Ironically, extending the clamping distance, such as with an extension sleeve, can reduce the impact of settling. The same amount of joint settling on a longer bolt results in less preload loss.
If the joint member is made of a soft material, consider switching to a new, harder material or increase the bearing area of the bolt or nut. Another possibility is to use a large, hard washer. In any event, it will be necessary to test whether increased diameter or hardness in the bearing area is sufficient to deal with the induced surface pressure.
If a gasket is used, the gasket should be recessed, so that metal to metal contact can be maintained.
In a well-designed bolted joint at rest, the self-locking effect is maintained, and no rotational loosening will take place.
Rotational loosening is triggered by vibration. The vibrations that cause the most rotational loosening are those that act perpendicular to the bolt axis. In other words, transverse cyclic loads cause reciprocal slips in the interfaces of the joint members.
The bolt head and the nut follow the sliding of the joint members. If the bolted joint has a short clamping range, the sliding of the joint members will induce wobbling, or oscillations, underneath the head and nut and in the engaged threads. This causes microslippage in the thread and underneath the head or the bearing area of the nut. A gradual rotational loosening will result.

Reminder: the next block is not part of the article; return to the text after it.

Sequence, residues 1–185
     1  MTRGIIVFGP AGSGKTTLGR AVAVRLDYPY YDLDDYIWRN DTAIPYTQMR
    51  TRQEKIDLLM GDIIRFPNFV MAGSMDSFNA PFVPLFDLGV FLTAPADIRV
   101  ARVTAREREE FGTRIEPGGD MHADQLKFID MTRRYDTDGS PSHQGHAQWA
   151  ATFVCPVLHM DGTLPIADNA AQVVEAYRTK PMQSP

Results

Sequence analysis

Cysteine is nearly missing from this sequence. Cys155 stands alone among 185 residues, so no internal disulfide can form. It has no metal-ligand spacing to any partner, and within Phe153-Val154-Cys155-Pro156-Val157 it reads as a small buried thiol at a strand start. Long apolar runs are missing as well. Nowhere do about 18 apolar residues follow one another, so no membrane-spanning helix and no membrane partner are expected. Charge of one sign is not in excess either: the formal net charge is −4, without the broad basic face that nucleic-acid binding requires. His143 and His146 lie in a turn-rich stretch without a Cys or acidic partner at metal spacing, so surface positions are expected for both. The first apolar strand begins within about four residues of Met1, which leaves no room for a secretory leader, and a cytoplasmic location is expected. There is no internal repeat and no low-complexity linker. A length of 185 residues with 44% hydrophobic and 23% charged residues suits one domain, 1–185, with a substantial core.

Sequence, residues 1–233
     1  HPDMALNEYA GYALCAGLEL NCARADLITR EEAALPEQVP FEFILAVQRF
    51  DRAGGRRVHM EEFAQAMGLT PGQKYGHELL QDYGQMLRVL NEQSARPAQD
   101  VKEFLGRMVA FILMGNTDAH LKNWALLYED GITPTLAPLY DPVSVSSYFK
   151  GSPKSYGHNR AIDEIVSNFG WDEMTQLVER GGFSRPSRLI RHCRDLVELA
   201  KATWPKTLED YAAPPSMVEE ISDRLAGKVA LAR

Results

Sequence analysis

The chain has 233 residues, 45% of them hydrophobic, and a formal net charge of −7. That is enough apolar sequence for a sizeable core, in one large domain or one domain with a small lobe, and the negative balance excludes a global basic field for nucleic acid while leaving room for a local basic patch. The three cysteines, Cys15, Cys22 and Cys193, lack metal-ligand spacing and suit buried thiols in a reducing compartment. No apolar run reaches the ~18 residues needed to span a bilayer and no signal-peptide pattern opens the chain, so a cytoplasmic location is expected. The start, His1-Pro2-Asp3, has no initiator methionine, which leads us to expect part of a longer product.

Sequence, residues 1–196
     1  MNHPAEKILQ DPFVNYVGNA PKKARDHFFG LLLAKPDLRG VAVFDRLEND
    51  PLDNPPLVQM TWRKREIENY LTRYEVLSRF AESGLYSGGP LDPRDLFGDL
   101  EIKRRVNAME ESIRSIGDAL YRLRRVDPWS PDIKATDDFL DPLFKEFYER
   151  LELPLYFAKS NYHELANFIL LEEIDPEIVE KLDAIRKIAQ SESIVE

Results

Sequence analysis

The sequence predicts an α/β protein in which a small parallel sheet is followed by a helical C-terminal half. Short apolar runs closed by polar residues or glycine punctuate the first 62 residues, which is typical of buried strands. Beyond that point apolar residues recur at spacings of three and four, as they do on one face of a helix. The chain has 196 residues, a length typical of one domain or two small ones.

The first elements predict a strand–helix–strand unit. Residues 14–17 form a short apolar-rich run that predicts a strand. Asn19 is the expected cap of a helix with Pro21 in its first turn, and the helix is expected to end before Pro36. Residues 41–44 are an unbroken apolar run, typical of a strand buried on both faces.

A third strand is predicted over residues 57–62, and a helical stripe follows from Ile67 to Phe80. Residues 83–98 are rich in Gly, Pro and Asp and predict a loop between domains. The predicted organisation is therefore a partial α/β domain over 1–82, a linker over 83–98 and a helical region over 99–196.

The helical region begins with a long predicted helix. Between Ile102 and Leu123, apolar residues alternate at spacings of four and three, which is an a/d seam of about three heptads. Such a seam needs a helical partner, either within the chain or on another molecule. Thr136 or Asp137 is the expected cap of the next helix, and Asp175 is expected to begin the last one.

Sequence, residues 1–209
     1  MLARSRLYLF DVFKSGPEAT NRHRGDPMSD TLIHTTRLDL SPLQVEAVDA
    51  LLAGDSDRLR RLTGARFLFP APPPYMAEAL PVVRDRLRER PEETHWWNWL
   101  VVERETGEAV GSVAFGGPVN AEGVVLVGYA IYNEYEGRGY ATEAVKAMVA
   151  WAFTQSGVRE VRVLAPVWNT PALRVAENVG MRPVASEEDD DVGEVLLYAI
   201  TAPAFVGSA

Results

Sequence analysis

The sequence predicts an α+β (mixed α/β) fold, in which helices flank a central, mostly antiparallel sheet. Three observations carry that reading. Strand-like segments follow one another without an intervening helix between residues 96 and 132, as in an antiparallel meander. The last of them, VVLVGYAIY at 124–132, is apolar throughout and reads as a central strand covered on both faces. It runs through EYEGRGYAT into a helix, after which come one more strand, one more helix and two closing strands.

Preventing rotational loosening is a complex issue, but there are ways to do so or at least minimize it.
A simple way to maintain the self-locking effect is to increase the clamping distance. Because the bolt shank is longer, the bolt head and the nut can follow the sliding of the joint members without causing wobbling and sliding in the critical areas. A clamping distance of five times the bolt’s diameter usually solves the problem. Depending on the intensity of the vibration, the clamping range can be shorter, but to be on the safe side, engineers should use five times the diameter.
Obviously, there are times when increasing the clamping range is impossible. In this case, there are two ways to prevent rotational loosening. One is to prevent wobbling. The other is to keep the fasteners from rotating.
To prevent wobbling, we must eliminate thread play. This can be accomplished either by using a locking adhesive or by using thread-forming screws.
A locking adhesive fills up all the empty spaces, which eliminates thread play and, consequently, wobbling. As a result, friction is maintained in the thread, and rotational loosening is prevented.
Thread-forming screws produce their own "play-free" mating threads. Because there are no gaps between the threads and the joint members, there’s no place for the fastener to move during vibration.